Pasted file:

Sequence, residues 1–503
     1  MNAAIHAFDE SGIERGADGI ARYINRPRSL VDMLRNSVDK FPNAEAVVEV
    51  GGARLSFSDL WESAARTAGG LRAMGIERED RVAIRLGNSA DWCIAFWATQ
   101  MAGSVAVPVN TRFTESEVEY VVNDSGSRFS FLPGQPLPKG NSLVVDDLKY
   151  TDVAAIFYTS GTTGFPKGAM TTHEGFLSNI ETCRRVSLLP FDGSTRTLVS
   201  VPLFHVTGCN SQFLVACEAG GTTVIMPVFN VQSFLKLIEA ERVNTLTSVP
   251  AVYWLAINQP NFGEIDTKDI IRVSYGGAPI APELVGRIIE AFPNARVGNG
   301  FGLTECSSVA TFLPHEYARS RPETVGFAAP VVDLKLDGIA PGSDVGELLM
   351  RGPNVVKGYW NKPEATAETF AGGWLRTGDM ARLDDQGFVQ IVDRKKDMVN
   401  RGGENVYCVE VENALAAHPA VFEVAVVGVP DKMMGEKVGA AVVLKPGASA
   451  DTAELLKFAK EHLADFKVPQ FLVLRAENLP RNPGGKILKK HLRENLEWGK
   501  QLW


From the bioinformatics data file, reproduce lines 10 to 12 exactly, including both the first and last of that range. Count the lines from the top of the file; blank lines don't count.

   401  RGGENVYCVE VENALAAHPA VFEVAVVGVP DKMMGEKVGA AVVLKPGASA
   451  DTAELLKFAK EHLADFKVPQ FLVLRAENLP RNPGGKILKK HLRENLEWGK
   501  QLW